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Circulation. 1997 Dec 16;96(12):4372-9.

Halothane protects cardiomyocytes against reoxygenation-induced hypercontracture.

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  • 1Physiologisches Institut, Justus-Liebig-Universit├Ąt, Giessen, Germany.

Abstract

BACKGROUND:

Resupply of oxygen to the myocardium after extended periods of ischemia or hypoxia can rapidly aggravate the already existing injury by provoking hypercontracture of cardiomyocytes (acute reperfusion injury). Previous studies indicated that halothane can protect ischemic-reperfused myocardium. The aim of the present study was to analyze on the cellular level the mechanism by which halothane may protect against reoxygenation-induced hypercontracture.

METHODS AND RESULTS:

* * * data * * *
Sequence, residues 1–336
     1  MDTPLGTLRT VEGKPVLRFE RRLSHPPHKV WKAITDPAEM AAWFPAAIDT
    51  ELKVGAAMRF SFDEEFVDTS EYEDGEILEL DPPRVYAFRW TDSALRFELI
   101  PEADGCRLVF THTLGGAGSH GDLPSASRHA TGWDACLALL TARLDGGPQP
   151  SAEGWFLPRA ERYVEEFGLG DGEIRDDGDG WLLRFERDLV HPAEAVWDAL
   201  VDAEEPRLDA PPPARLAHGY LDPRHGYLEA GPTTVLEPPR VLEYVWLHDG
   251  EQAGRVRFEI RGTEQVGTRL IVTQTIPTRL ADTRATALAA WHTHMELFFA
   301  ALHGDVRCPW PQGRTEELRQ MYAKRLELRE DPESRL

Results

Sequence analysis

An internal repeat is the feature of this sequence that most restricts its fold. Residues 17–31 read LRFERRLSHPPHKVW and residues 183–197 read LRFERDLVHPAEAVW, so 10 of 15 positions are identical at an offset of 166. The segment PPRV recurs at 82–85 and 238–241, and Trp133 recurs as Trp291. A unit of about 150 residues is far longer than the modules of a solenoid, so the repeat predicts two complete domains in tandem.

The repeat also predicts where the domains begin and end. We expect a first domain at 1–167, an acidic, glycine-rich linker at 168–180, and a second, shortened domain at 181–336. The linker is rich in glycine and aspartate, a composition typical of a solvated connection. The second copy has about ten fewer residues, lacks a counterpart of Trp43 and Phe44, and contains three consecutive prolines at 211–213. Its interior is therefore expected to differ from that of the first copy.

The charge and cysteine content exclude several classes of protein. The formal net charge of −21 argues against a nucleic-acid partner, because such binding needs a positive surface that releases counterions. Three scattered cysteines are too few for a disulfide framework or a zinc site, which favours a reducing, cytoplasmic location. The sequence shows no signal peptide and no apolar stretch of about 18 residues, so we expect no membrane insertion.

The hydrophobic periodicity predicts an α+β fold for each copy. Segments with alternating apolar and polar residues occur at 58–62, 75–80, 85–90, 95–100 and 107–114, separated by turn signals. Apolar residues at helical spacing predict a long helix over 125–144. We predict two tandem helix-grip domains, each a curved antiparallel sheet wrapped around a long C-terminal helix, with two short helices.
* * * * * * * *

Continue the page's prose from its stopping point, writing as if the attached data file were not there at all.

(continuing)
To simulate ischemia-reperfusion, isolated adult rat cardiomyocytes were incubated at pH 6.4 under anoxia and reoxygenated at pH 7.4 in the presence or absence of 0.4 mmol/L halothane. Reoxygenation was started when intracellular Ca2+ (measured with fura 2) had increased to > or = 10(-5) mol/L and pHi (BCECF) had decreased to 6.5. Development of hypercontracture was determined microscopically. In the control group, reoxygenation provoked oscillations of cytosolic Ca2+ (72+/-9 per minute at fourth minute of reoxygenation) accompanied by development of hypercontracture (to 65+/-3% of end-ischemic cell length). When halothane was added on reoxygenation, Ca2+ oscillations were markedly reduced (4+/-2 per minute, P<.001) and hypercontracture was virtually abolished (90+/-4% of end-ischemic cell length, P<.001). Halothane did not influence the recovery of pHi during reoxygenation. Similar effects on Ca2+ oscillations and hypercontracture were observed when ryanodine (3 micromol/L), an inhibitor of the sarcoplasmic reticulum Ca2+ release, or cyclopiazonic acid (10 micromol/L), an inhibitor of the sarcoplasmic reticulum Ca2+ pump, were applied instead of halothane.

CONCLUSIONS:

Halothane protects cardiomyocytes against reoxygenation-induced hypercontracture by preventing oscillations of intracellular Ca2+ during the early phase of reoxygenation.

PMID:
9416906
[PubMed - indexed for MEDLINE]
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